Sumoud is an Arabic word meaning “steadfastness”. The occupied Palestinian people who live in Jerusalem this Holy Week, 2010, face check points, home demolitions, and the depressing news that the Congress of the United States sings the praises of a visiting Israeli prime minister who tells the world that ALL of Jerusalem belongs to Israel for the ages.
Translation: Get ready, folks, for a permanent occupation until you Palestinians agree to live as prisoners in cantons, or even better, move away to Jordan, Lebanon, or Kansas.
How do the Palestinians respond to such a threat? They respond with sumoud.
Sumoud is being heard these days in the Occupied Territories more than Nakba, the Arabic name for “catastrophe”, which Palestinians use to describe the 1948-49 colonization of their land by the newly created state of modern Israel.
And so it is that in Holy Week, 2010, while many American Christian families finally make their way to church after staying away since Christmas, in this week when we look back at the first Holy Week, we dare not let the week go by without giving thanks for the sumoud of the Palestinian people.
It is their sumoud that could save them, as it could save us. It is not only the Israeli people who must be saved from the blind arrogance of its leaders. US tax dollars support Israel’s practice of home demolitions, check points and permanent occupation. We too, must be saved, from our leaders’ blind arrogance.
US politicians may never have heard the word sumoud, but one day, friends, they will regret their ignorance.
One day they will face the horrors of historical judgment, a judgment which will condemn them as surely as they condemned those who came before them in the Halls of Congress who put their love for political power above the moral imperative to set free the enslaved.
One branch of my family lived in southern Alabama during the American Civil War. Several of them were clergy. I have been unable to find any sermon from any of them that cried out against the evils of slavery.
I do have a hand-written letter written after the war, bitterly attacking Northern occupation. But that was a selfish expression, not a testimony for justice.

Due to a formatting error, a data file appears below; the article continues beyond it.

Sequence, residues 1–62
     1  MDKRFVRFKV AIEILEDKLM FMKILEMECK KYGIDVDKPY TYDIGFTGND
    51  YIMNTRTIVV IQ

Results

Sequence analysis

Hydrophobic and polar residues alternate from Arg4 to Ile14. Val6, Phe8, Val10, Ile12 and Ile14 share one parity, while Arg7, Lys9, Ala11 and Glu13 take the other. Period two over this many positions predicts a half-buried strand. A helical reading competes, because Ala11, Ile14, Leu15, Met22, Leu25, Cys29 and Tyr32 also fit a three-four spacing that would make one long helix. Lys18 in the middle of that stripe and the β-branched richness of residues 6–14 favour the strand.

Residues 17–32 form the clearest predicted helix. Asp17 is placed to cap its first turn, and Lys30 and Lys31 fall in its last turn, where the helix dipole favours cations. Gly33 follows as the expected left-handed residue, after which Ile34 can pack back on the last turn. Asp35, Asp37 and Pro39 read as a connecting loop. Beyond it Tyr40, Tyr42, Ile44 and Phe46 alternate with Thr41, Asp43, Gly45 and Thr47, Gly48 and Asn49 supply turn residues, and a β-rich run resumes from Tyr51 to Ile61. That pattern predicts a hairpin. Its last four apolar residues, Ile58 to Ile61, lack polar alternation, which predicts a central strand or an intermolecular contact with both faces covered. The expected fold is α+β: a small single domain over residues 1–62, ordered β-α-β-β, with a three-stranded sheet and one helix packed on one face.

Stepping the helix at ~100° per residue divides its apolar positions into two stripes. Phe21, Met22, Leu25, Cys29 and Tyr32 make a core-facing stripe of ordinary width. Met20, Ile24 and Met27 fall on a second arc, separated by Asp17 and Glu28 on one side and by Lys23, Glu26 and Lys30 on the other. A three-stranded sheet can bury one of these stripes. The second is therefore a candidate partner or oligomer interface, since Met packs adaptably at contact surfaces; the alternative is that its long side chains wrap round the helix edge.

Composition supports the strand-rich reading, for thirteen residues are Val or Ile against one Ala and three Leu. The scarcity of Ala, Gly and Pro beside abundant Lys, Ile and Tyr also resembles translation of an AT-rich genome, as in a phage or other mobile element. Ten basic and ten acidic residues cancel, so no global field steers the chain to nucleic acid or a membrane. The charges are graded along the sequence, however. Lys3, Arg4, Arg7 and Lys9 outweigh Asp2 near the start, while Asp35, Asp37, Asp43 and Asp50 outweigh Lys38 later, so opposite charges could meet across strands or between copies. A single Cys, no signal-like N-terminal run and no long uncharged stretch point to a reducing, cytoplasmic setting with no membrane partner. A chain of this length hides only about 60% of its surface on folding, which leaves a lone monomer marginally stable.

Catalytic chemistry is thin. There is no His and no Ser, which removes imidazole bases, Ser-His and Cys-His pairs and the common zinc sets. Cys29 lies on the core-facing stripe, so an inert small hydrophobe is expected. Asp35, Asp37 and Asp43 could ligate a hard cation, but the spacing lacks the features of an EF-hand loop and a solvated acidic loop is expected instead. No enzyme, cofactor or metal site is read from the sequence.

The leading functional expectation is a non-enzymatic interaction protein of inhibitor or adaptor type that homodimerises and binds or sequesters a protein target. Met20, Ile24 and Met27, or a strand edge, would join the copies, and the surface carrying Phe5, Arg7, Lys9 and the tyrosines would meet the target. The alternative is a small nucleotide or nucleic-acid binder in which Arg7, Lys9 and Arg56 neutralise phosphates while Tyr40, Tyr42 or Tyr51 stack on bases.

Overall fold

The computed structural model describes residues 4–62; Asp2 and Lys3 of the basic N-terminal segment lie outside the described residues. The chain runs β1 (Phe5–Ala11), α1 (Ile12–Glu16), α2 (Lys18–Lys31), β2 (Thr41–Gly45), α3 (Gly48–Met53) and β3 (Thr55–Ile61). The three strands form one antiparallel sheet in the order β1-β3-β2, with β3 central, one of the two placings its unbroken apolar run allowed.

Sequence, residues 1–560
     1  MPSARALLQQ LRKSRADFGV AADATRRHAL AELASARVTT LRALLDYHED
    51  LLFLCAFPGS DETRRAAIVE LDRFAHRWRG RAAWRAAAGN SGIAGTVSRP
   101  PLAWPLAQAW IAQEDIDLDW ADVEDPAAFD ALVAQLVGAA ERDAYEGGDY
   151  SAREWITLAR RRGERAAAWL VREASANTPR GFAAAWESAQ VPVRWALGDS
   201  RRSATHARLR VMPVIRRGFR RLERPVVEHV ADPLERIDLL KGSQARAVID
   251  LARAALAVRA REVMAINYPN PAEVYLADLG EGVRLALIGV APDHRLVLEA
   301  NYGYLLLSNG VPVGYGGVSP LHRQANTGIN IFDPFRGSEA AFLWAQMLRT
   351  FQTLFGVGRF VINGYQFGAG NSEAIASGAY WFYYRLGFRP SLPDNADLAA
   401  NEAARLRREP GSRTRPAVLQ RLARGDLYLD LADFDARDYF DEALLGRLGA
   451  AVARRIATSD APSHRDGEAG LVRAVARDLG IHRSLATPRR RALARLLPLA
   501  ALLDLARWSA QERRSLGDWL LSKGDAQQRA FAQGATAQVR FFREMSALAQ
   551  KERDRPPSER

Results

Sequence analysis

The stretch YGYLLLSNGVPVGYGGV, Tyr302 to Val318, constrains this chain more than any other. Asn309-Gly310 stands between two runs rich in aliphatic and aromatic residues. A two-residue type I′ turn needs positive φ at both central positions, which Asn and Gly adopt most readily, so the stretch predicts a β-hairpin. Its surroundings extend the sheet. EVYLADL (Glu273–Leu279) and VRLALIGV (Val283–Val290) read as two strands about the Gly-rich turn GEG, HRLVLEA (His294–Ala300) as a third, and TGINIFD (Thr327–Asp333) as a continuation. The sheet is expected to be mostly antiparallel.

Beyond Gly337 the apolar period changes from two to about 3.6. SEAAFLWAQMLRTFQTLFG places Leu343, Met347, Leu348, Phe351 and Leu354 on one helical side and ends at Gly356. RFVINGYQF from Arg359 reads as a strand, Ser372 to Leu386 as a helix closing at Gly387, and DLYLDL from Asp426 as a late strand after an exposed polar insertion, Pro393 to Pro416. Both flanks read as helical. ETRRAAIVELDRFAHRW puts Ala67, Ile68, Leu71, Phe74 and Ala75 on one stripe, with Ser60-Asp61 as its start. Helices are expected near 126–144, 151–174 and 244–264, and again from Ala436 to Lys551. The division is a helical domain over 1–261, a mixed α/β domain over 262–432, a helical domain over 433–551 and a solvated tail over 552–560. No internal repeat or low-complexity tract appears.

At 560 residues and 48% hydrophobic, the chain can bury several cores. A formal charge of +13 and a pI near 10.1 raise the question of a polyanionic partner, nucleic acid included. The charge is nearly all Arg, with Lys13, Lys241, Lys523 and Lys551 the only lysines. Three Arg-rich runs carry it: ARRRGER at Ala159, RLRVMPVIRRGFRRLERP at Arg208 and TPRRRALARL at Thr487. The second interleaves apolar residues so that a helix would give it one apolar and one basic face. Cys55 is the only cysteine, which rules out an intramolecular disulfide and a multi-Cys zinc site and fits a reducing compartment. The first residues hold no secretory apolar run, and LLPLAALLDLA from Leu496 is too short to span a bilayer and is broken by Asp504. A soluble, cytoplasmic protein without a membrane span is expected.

Some of my ancestors owned slaves, words I write with considerable familial guilt and regret, but the records are clear on this point. Slaves, designated by first names, were included in wills.
Some were public officials, as well as clergy. One of them handled the welfare checks for widows and orphans of the soldiers who died fighting for a Lost Cause. A public service, to be sure. But he did not speak nor act, so far as I know, against the evils of slavery.
The problem for public officials is that their actions are known to the public. So it is to them that we must point when we seek out the sinners of our day. They, by their public standing, represent us all in our malfeasance.
Years from now, some families will recall that their grandparents served in the US Congress and they will point with pride at that accomplishment. But the horrors of history will still judge them and find them wanting.
We who helped elect members to Congress with votes, money, volunteer work, or silence, will escape their public historical scrutiny. But we will not escape the taint of having failed to say no when we knew that together we endorsed and supported evil.
John Wesley was the 18th century founder of the denomination to which I belong, the United Methodist Church. He did not do enough to confront the evil of slavery in his day. No one ever does enough, but there is a sentence in one of his biographies in which we Methodists can take, not pride, but at least, solace,
John Wesley was among the first to preach for slaves rights, attracting significant opposition.
Which brings us back to Holy Week, 2010, when we celebrate the week in which Jesus rode into Jerusalem on the back of a humble animal.
Crowds cheered and waved palms. Jesus knew the shallowness of their praise because he knew what lay ahead. When he was nailed to a cross and left to die a long and painful death, there were few left that stood by and mourned his death on that mount of execution.
Perhaps a few stragglers hung around to stare at three dead bodies, but Roman soldiers on duty that day must surely have cleared the area with the command still in use, “Move along folks, there is nothing left here for you to see”
The soldiers would be wrong. This man who had just died unjustly did so because he followed a God who would not tolerate oppression and injustice. Did Jesus know the implication of his death? No one knows.
What we do know is that he set his face “steadfastly”–sumoud–toward the city of his death because he had no other choice but to follow God’s direction.
You do not have to be a Christian to know that this was a sacrifice, not to appease or pay for something, but a sacrifice that had to be made because to follow any other path would have been a betrayal of the God who loved him.
Holy Week, 2010, arrives at a time in the history of the city of Jerusalem, which demands an accounting.
The video, below, traces the steps that have taken Jerusalem from the city it was in 1967, as this New York Times map demonstrates. The facts are well documented. They cry out to us today with a simple command:
The horrors of history will judge you on how you respond to this slow, but steady, takeover of the city of Jerusalem.
You may click on the five and one half minute video, to see this horror. Or you may turn away and follow the soldiers’ command, “Move on, folks, there is nothing left here for you to see.” The choice is yours.
This presentation was adapted from data from the Applied Research Institute of Jerusalem, UN Office for the Coordination for Humanitarian Affairs, and the Foundation for Middle East Peace. To enlarge the video to full screen,click on the second button from the right at the bottom of the screen